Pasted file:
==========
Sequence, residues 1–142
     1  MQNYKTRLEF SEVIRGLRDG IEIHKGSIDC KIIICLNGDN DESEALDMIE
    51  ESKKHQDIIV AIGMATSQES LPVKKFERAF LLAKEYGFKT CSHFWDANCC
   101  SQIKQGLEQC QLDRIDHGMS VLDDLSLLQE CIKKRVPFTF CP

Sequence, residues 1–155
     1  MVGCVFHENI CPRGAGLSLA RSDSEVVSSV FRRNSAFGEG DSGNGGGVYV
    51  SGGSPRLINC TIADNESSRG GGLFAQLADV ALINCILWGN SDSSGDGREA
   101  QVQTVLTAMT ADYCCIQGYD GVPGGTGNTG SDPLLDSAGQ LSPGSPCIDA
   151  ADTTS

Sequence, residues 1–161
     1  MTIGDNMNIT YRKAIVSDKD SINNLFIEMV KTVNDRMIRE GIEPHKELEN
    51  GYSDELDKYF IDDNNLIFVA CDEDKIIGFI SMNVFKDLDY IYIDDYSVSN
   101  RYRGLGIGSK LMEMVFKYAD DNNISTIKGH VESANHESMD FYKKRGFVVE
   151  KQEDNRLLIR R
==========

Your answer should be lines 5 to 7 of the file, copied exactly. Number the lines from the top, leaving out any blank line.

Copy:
Sequence, residues 1–155
     1  MVGCVFHENI CPRGAGLSLA RSDSEVVSSV FRRNSAFGEG DSGNGGGVYV
    51  SGGSPRLINC TIADNESSRG GGLFAQLADV ALINCILWGN SDSSGDGREA